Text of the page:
Canadian Postmasters and Assistants Association (CPAA) think they have found a way to make rural post offices even more sustainable. It commissioned a recent independent study that showed nearly half of post offices outside of Canada’s big cities are located in communities with no bank or credit union.
In those communities that still have a bank or a credit union, many residents have to contend with limited, part-time banking hours. The survey of Canada’s 3,300 rural post offices: “Why Post Offices should offer banking services” is available for free download at: http://bit.ly/1r8U3fj.
Brenda McAuley, National President of CPAA, said: “Canada Post became a Crown Corporation to improve network services. Our Association wants to ensure this multi-billion dollar public network remains viable and able to serve the public.”
Offering financial services in post offices would create a new revenue stream for Canada Post. Equally important, it would benefit numerous communities in Canada whose residents, in order to get to a bank or credit union, are forced to travel long distances. That costs time and money and stifles economic development. Many other countries similar to Canada, such as the United Kingdom, France, Switzerland, Japan, Italy, and New Zealand, have very successful banking services right in their post offices.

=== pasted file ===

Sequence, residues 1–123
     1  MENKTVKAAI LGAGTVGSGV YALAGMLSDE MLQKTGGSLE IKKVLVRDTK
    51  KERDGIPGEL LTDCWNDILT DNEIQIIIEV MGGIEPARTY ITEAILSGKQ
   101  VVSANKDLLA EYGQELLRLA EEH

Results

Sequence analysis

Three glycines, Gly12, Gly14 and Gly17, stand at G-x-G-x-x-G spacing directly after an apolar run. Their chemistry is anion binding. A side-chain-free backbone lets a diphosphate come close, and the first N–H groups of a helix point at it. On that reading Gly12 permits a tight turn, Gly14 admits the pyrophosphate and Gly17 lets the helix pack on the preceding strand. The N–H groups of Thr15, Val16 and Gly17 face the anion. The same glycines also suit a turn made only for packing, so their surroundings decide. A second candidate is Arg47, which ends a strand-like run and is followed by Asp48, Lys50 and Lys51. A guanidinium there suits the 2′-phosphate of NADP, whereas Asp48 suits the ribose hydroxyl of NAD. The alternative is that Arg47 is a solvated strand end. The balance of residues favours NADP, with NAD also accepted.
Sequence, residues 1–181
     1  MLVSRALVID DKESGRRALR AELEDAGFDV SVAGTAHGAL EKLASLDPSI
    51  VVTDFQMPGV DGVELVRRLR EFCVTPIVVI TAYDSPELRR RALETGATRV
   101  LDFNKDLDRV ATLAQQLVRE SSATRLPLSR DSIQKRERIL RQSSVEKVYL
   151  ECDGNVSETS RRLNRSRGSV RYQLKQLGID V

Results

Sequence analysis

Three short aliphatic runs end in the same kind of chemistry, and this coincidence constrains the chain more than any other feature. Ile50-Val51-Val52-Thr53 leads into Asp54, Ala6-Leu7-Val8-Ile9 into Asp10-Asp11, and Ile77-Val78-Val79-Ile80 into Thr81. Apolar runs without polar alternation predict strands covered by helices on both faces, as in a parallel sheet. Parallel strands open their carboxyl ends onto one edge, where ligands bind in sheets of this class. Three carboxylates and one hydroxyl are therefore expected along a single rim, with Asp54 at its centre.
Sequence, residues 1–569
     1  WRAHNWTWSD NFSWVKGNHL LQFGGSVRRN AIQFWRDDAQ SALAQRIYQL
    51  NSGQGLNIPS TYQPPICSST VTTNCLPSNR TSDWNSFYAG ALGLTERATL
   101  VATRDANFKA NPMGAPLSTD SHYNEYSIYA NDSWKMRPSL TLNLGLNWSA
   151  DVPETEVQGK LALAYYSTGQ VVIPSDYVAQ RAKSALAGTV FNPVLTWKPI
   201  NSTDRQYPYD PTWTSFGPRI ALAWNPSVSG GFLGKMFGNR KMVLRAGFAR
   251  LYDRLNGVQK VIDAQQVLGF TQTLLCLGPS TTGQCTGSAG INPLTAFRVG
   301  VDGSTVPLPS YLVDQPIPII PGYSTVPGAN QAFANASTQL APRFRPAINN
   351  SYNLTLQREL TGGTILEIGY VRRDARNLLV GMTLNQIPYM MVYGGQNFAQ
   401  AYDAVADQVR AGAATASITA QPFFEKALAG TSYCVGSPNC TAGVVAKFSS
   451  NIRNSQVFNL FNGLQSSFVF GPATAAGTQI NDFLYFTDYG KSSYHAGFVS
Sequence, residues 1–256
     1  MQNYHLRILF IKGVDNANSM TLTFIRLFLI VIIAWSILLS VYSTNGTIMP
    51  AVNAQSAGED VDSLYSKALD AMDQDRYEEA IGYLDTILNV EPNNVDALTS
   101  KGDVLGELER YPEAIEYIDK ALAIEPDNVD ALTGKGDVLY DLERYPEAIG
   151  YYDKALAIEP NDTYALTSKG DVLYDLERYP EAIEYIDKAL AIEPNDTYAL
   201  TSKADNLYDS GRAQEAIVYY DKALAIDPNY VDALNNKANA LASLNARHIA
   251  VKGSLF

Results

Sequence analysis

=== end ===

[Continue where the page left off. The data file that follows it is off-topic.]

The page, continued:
Ms. McAuley said: “We believe that our study is significant because of the value of this public asset. Canada Post is uniquely positioned to offer financial services throughout rural Canada. When Canada Post can make more money and offer more services to Canadians who need them, we have a perfect opportunity. Let’s not lose it.”
CPAA has started a national advertising campaign urging Canadians to write to Lisa Raitt, the Minister in charge of Canada Post, and ask her to make this happen. Her letter of suggestion can be found at: http://bit.ly/1pxhMVZ.
CPAA represents over 8,700 employees of Canada Post who work in over 3,300 rural post offices across Canada. These offices make up over 50% of all postal outlets. Its membership, consisting of 95% women, and serves communities in every province.